Body mass index and aneurysmal subarachnoid hemorrhage: Decreasing mortality with increasing body mass index

Joshua D. Hughes, Milan Samarage, Anthony M. Burrows, Giuseppe Lanzino, Alejandro Rabinstein

Research output: Contribution to journalArticle

9 Scopus citations

Abstract

Background Labeled the "obesity paradox," obesity has been shown to provide a survival advantage in coronary artery disease, stroke, and intracerebral hemorrhage. Studies on body mass index (BMI) in aneurysmal subarachnoid hemorrhage (SAH) show conflicting results and none examined a North American population with long-term follow-up. Methods A total of 305 consecutive SAH patients (2002 to 2011) were retrospectively reviewed to collect demographics, BMI (kg/m2), comorbidities, Glascow Coma Scale, World Federation of Neurologic Surgeons Scale, aneurysm treatment, delayed cerebral ischemia, radiographic infarction, and short-term and long-term (>24 months) morbidity, and mortality. Patients were stratified by BMI into category 1, <25 kg/m2; category 2, 25-<30 kg/m2; and category 3, ≥30 kg/m2. Results Categories 1, 2, and 3 had 93, 100, and 87 patients with mean BMIs of 22.4 ± 1.8, 27.6 ± 1.4, and 35.7 ± 4.6 (P< 0.05), respectively. By category, 24-month follow-up was available in 92%, 85%, and 85%. Category 3 had more hypertension, diabetes mellitus, and clipping than category 1. Short-term mortality rates were 17%, 12%, and 8%; long-term mortality rates were 34%, 26%, and 19% (P> 0.05 at all points between categories 1 vs. 3, but not 1 vs. 2 or 2 vs. 3). On univariate analysis, BMI was inversely associated with short-term (odds ratio, 0.91; 95% confidence interval 0.84-0.98; P = 0.009) and long-term (odds ratio, 0.92; 95% confidence interval 0.87-0.97; P = 0.001) mortality. On multivariate analysis including age, World Federation of Neurologic Surgeons Scale, delayed cerebral ischemia, and radiographic infarction, BMI remained significant for short-term (odds ratio, 0.91; 95% confidence interval 0.81-0.99; P = 0.047) and long-term (odds ratio, 0.92; 95% confidence interval 0.85-0.98; P = 0.021) mortality. On Kaplan-Meier survival analysis, P > 0.05 for categories 1 versus 2 and 2 versus 3, but P = 0.005 for categories 1 versus 3. Conclusions In our SAH population, higher BMI resulted in less short-term and long-term mortality, but no difference in functional outcome.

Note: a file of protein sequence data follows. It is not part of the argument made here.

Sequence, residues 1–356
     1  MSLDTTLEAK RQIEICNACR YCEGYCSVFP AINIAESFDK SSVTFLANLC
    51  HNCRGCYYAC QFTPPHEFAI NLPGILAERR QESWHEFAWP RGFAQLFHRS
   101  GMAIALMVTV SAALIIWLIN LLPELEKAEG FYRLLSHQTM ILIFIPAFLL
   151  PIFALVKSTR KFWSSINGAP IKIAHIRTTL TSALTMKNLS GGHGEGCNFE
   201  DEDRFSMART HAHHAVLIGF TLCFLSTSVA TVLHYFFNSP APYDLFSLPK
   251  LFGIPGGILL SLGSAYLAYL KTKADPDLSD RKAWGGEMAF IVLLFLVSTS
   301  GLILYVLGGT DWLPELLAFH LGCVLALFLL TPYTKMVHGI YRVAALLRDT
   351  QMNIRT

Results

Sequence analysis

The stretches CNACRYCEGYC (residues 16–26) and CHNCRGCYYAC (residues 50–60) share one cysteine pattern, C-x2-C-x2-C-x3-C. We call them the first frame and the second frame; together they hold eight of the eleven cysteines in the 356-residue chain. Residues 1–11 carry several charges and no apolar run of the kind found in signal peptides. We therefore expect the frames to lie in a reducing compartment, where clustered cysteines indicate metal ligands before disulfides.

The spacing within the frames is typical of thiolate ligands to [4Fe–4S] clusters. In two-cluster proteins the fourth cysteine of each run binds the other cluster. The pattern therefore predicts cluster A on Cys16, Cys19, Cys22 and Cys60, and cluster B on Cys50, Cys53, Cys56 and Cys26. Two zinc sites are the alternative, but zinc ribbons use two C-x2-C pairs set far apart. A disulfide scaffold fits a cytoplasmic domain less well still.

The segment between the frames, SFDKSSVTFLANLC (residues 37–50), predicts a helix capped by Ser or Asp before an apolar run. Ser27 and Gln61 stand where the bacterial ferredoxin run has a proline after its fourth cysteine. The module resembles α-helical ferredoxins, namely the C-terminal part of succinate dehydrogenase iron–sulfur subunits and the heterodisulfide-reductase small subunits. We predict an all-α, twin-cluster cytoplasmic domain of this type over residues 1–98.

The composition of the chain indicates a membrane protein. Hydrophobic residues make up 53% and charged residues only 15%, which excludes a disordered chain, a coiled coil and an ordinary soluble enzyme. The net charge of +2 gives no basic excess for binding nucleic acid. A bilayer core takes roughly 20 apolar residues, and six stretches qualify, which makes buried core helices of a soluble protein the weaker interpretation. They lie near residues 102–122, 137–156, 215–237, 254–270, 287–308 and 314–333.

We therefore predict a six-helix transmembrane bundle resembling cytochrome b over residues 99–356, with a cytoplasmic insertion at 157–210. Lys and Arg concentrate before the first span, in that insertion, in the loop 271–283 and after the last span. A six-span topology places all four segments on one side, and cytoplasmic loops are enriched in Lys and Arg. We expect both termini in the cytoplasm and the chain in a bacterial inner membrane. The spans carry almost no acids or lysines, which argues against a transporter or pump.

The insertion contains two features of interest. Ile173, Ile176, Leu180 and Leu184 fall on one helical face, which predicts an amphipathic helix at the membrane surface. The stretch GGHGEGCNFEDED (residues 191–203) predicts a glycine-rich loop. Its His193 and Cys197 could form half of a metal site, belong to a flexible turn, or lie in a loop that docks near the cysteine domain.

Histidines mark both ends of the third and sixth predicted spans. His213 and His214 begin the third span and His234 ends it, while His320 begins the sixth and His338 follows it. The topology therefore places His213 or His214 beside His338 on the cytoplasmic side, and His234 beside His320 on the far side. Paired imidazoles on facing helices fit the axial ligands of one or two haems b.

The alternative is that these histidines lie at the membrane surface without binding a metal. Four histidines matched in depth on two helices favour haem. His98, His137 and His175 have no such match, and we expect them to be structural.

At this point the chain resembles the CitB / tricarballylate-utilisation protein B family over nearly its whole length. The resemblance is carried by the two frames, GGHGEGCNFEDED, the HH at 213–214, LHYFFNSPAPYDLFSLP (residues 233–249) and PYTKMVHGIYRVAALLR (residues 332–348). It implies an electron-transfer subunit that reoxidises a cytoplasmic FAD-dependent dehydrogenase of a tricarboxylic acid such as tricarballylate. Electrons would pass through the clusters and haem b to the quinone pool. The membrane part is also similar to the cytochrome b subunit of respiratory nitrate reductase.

Original languageEnglish (US)
Pages (from-to)1598-1604
Number of pages7
JournalWorld Neurosurgery
Volume84
Issue number6
DOIs
StatePublished - Dec 1 2015

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Keywords

  • Body mass index (BMI)
  • Mortality
  • Obesity paradox
  • Subarachnoid hemorrhage (SAH)

ASJC Scopus subject areas

  • Clinical Neurology
  • Surgery
  • Medicine(all)

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